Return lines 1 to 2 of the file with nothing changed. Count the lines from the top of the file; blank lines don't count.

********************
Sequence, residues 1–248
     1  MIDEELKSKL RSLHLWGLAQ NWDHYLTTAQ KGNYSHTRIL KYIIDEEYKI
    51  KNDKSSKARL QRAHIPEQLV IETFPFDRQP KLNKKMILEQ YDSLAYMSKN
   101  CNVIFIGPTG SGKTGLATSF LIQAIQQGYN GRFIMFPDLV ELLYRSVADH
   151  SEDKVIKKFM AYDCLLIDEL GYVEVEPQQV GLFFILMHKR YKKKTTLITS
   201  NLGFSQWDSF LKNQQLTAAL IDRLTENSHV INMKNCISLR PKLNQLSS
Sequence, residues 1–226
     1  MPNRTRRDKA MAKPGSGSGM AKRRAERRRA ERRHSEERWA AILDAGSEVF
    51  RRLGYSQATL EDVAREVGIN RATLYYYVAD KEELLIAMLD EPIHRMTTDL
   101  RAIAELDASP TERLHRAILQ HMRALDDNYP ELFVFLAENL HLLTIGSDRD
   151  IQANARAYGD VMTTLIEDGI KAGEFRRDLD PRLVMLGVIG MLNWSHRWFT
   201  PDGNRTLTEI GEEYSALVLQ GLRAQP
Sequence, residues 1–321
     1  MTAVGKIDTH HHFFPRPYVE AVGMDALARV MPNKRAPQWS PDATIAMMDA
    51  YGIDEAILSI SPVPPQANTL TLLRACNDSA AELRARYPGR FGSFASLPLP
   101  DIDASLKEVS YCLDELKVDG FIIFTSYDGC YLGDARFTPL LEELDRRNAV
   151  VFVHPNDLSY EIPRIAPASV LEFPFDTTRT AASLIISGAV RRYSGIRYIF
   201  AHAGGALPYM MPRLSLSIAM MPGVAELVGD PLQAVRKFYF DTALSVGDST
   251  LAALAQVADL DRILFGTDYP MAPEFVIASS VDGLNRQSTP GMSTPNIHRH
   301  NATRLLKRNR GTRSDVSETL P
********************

Sequence, residues 1–248
     1  MIDEELKSKL RSLHLWGLAQ NWDHYLTTAQ KGNYSHTRIL KYIIDEEYKI